ln and mkshortcut inconsistent in handling of .exe extension
Tue Sep 30 21:23:00 GMT 2003
>> "L" == Larry wrote:
L> If you want/need a Windows-style shortcut with all the
L> semantics that implies, use 'mkshortuct'. Is that the point
L> you were missing?
I am not asking for "all the semantics", just the ones that are
documented (user guide 3.5) to exist for all Cygwin symlinks.
I really don't think you understood my first report, and haven't
realized it yet. I will make my point again in laborious detail.
>> Second, I still don't understand why `ln' shouldn't behave the
>> way I suggested: how is it better the way it is than if `ln -s'
>> never created broken shortcuts
L> The documentation I directed you to explains why 'ln -s'
L> functions as it does and from that follows the need for
L> 'mkshortcut'. 'ln -s' doesn't create 'broken shortcuts'. It
L> creates symbolic links with UNIX semantics. That's the goal.
That's only part of the stated goals of 'ln'. When CYGWIN contains
"winsymlinks" (or more accurately, does not contain "nowinsymlinks"
since "winsymlinks" is the stated default), symbolic links are
supposed to function both as Cygwin symbolic link and as Windows
Shortcuts. This is true most of the time, but it is NOT true when the
symlink target's name given to ln is the name of an executable without
its .exe extension. In this case, the file created by ln functions as
a Cygwin symbolic link as expected but contrary to expectation does
*not* function as a Windows Shortcut. The file created by 'ln',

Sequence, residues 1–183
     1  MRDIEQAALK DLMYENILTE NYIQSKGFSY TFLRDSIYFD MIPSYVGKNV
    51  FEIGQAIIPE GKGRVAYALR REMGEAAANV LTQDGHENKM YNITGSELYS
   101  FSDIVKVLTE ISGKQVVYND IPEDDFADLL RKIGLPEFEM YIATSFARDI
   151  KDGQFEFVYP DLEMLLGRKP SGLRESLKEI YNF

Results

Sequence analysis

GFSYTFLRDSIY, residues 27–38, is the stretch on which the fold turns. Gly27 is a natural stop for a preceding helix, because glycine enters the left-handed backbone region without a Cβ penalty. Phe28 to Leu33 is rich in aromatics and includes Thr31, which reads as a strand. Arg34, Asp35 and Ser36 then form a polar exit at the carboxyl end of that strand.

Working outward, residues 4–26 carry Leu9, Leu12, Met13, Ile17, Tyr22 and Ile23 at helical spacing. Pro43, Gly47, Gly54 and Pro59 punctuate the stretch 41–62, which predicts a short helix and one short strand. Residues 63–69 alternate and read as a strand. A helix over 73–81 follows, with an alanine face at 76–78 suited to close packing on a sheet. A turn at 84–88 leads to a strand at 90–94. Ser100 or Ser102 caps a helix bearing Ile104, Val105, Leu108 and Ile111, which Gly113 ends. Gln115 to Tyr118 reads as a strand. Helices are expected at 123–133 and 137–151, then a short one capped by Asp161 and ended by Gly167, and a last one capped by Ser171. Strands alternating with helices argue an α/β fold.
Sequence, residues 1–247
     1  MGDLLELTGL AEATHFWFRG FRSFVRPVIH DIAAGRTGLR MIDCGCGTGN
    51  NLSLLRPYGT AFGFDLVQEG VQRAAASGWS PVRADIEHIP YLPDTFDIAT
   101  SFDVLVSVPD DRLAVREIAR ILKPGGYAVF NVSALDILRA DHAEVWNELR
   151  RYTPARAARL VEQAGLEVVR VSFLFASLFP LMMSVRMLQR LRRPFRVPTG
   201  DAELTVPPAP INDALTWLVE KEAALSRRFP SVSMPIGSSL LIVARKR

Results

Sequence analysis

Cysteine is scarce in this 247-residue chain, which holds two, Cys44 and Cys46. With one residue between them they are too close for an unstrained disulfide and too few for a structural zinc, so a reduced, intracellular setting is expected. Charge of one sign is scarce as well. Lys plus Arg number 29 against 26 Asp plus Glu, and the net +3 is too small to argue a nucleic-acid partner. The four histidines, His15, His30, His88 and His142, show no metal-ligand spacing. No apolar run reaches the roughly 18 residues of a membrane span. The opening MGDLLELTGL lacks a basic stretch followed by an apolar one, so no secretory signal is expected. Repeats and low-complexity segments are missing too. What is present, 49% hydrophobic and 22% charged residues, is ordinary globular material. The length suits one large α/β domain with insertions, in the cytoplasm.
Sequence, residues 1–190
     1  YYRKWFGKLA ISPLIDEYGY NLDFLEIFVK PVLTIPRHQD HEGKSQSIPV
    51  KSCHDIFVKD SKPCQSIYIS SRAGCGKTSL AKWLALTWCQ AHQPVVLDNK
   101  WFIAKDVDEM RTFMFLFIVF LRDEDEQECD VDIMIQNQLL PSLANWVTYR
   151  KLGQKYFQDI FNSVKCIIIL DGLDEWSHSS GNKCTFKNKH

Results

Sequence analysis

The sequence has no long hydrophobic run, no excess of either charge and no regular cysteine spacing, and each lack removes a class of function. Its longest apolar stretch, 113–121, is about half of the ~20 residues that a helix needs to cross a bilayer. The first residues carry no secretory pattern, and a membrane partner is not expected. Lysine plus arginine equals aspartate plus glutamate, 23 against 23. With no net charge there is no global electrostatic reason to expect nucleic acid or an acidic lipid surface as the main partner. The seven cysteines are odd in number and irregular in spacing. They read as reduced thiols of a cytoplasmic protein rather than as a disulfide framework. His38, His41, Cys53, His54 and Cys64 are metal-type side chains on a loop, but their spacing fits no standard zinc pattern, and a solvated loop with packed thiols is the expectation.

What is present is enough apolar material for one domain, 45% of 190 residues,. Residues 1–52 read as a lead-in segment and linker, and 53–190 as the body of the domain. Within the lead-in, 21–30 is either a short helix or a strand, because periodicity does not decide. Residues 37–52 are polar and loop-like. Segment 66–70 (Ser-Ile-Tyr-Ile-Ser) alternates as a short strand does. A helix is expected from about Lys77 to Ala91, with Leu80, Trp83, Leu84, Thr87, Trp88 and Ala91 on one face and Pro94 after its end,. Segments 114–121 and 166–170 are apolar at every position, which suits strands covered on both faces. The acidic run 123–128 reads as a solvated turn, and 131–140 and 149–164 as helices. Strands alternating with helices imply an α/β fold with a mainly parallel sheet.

considered as a Windows Shortcut, is broken. My points are
(1) the independent documentation of how .exe extensions are handled
(user guide 3.4.3) and how symlinks are handled (3.5, 3.7.5) does
not address their conjunction, a case which does not work as
expected. The documentation on .exe extensions says that
"install" and "strip" are the exceptions to transparent handling
of .exe extensions. 'ln' should be included, and this case should
be mentioned or cross-referenced in 3.5 and 3.7.5 as well.
(2) instead of changing documentation per (1), it is reasonable to
change the behavior of 'ln -s' so that the file it creates in the
case under discussion is not only a Cygwin symbolic link but also
a valid Windows Shortcut. NOT a full-fledged Windows Shortcut
with icon and so on, of the kind mkshortcut creates, and the kind
which you have repeatedly mistaken me to mean -- but simply a
valid one, which points to the expected file, just like ALL the
files that 'ln -s' creates EXCEPT in the particular case that the
target's name is an executable without an .exe extension. The
change I propose does not change how the files 'ln -s' creates
function as Cygwin symlinks; it changes how a certain small
anomalous category of files that 'ln -s' creates function as
Windows Shortcuts, in a way that brings this case into conformity
with the others it creates. When Cygwin follows a symlink, it
examines the pathname that appears in the "Comment" field if you
examine the file as a Windows Shortcut. When Windows follows a
shortcut, it examines the contents of the "Target" field. 'ln'
always puts the correct value in "Comment" and USUALLY puts the
correct value in "Target", but not in the case under discussion.
Wishing that 'ln' always put the right thing in both places is NOT
wishing that ln were mkshortcut, it's wishing that ln behave
consistently with all other Cygwin programs ("install" and "strip"
being the documented exceptions), which are indifferent to whether
.exe extensions are omitted or explicitly given.
>> and 'ln' (hardlink) defaulted to a target of
>> "foo.exe" when the supplied target "foo" doesn't exist?
L> I'm inclined to agree on this. I think symmetry here would be a good thing.
If you agree about that, I am very sure you will agree with my other
point, once you undertsand it, because it does not even involve the
small change to Cygwin semantics that the second point does (the
second point involves a change to Cygwin semantics because you would
get no error and a hardlink in certain cases where before you got an
error; my first point suggests a change that has an effect from
Windows only, not from Cygwin).
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